is a Pakistani politician, statesman and former cricketer, who played international cricket for two decades in the late twentieth century.
After retiring from cricket, he entered politics. Currently, besides his political activism, Khan is also a philanthropist, cricket commentator, Chancellor of the University of Bradford and Founder and Chairman Board of Governors of Shaukat Khanum Memorial Cancer Hospital & Research Centre.
In April 1996, Khan founded and became the chairman of a political party Pakistan Tehreek-e-Insaf (Movement for Justice). He represented Mianwali as a member of the National Assembly from November 2002 to October 2007. Foreign Policy magazine
has described him as "Pakistan's Ron Paul".
In the interview, the subject of the U.S.-Pakistani "client-master" relationship is discussed.
While once labeled "a one-man-party", today he is a front-runner in Pakistani politics. Nowadays his party counts far more than “one member” as electable people come to join him. Khan's party, among others, boycotted the elections in 2008 as they were “were manipulated by the Bush administration.”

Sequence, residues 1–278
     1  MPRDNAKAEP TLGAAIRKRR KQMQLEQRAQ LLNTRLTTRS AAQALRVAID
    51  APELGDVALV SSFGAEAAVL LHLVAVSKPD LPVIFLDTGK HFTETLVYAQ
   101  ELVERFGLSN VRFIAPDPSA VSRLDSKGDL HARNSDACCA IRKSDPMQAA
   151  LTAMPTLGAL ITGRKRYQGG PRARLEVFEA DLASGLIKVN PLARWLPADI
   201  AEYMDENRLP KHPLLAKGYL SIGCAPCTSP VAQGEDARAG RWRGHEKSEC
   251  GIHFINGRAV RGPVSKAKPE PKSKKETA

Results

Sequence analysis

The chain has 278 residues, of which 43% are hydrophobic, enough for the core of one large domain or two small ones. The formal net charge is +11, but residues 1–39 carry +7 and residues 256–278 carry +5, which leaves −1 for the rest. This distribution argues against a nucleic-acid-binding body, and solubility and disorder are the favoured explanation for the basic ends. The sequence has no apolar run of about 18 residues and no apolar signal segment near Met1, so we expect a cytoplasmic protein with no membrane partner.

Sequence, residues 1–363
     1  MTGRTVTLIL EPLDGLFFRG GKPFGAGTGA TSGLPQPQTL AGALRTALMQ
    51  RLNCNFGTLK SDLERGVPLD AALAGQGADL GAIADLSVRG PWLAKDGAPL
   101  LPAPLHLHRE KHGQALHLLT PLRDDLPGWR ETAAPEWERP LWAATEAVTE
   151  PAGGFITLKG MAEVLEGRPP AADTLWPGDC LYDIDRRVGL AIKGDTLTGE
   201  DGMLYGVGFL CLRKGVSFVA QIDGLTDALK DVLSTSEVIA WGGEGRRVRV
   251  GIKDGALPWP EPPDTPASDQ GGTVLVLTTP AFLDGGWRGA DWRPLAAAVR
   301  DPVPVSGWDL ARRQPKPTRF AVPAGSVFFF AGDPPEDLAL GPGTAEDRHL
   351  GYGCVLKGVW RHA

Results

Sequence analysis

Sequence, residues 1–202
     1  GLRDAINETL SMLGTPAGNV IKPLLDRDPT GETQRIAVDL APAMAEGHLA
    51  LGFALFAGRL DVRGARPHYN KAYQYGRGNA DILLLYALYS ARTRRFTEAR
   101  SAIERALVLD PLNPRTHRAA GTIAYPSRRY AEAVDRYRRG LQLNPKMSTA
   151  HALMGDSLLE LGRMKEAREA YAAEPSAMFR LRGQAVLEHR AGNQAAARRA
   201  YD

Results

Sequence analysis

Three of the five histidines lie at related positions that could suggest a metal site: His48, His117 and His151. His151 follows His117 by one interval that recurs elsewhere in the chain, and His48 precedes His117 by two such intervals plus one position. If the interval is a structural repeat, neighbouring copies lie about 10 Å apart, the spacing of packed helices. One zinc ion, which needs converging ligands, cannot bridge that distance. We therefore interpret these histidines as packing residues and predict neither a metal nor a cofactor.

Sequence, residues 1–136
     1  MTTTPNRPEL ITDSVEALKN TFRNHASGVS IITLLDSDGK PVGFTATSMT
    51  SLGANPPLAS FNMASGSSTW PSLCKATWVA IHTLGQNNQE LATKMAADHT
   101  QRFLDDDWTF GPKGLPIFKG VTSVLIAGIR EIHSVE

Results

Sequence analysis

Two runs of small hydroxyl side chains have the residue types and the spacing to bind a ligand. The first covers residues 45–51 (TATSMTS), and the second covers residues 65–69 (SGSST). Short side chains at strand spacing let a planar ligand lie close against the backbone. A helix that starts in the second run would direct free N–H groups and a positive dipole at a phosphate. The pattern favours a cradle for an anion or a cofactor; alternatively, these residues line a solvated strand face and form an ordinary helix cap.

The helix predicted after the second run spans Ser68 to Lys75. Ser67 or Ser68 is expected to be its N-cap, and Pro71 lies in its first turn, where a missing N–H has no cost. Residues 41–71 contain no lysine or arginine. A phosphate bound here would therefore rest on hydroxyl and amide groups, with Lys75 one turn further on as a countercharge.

Khan always warned that elections would be “a disaster for the people of Pakistan” and that Pakistani leaders were turncoats telling Americans how great they were, but at the same time giving their own citizens a different opinion.
Khan says, “The War on Terror has been devastating for Pakistan,” because 40,000 Pakistanis have been killed “fighting America’s war.”
“Basically, our own army was killing our own people. No country has ever been bombed by its own ally, as we have been bombed in this country. Never has a country's ruling elite, for personal benefits, never have they betrayed their people as much as this elite under Musharraf and the current elite,” Khan says.
Khan further states that the U.S. operation on Pakistan’s soil in May 2011 against Osama bin Laden was the “ultimate humiliation” for the state, which was “sacrificing for the U.S.”
It turned out that “our ally did not trust us and actually came and killed someone on our own soil. It was that the two factors combined: the sacrifices, and secondly, here is an ally which – are we a friend or an enemy?”
Khan says the “client-master relationship” between the U.S. and Pakistan, when the latter is “a hired gun, being paid to kill America’s enemies” should be reviewed.
“The only thing that the Americans should be told is that “Look, there will be no terrorism from our side,”" he says.
The relationship with the U.S. should be based on “dignity and self-respect” instead of the current “client-master” model.
The full interview can be viewed above.
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